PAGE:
After several weeks of thrashing and several hours of attention from consultants, we now believe we understand the problem, and have an action plan in place to address it. Continue reading
Last Friday, we completed the upgrade of Castle Hot Springs tower, activating the redundant transmission link between that tower and 251st Avenue. All subscribers on our network are now immune to the failure of any single transmission link.
In conjunction with grounding improvements at Mockingbird Tower, which has eliminated our “every three months” radio replacement problem there, and the recent power supply upgrade and firewall review at our Wickenburg gateway, our network is now exhibiting higher reliability than ever before.
Thank you for continuing to allow us to be your broadband services provider.
Talk about timing!
Last night’s storm activity blacked out Morristown from Circle City roughly out to the rest area, from just after midnight to just before 8 AM. The blanket power failure took down our Morristown, 251st Avenue, Castle Hot Springs, and Circle City towers, our operations center, and both eastern gateways, leaving only the Wickenburg gateway and our towers west of the rest stop operational.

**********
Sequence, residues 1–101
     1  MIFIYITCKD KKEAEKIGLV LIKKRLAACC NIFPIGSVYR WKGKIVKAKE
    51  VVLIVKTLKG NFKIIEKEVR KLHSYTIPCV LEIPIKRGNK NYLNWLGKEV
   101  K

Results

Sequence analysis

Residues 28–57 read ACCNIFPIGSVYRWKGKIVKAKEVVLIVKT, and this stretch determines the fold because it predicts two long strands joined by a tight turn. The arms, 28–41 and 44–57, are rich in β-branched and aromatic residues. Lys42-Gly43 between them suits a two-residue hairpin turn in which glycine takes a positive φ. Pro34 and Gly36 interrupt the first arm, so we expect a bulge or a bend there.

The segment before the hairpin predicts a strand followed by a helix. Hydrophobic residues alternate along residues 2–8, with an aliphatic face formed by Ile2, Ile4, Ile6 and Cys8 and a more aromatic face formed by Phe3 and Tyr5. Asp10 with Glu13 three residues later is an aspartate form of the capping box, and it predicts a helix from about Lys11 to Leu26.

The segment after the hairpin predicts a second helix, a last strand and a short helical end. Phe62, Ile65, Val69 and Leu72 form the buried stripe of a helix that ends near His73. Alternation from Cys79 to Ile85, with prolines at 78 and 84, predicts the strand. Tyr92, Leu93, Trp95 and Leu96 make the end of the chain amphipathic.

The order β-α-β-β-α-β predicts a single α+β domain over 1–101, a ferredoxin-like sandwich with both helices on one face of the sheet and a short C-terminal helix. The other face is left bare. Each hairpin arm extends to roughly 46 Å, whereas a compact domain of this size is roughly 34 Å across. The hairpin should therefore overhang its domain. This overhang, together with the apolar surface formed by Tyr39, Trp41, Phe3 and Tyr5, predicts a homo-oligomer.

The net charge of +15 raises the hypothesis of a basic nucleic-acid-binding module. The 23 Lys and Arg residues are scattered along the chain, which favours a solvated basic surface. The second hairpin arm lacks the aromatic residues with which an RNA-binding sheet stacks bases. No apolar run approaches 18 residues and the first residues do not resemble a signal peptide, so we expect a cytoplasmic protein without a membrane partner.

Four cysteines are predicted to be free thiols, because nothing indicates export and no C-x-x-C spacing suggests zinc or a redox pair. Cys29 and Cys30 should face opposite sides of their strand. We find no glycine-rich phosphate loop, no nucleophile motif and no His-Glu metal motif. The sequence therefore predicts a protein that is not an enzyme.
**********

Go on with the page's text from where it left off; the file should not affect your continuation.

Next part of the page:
Last week, that would have shut down our subscribers to Skip-In Ranch tower as well, because their traffic had to be routed first through Morristown in order to reach any gateway. But the new direct-to-Wickenburg link we erected just three days ago kept our Skip-In users online and connected through the storm.
New equipment to harden service similarly for our 251st Avenue and Castle Hot Springs subscribers should be arriving this week, as well as spares for critical pieces of equipment.
It’s our baseline goal to be at least as responsive and reliable as the big providers.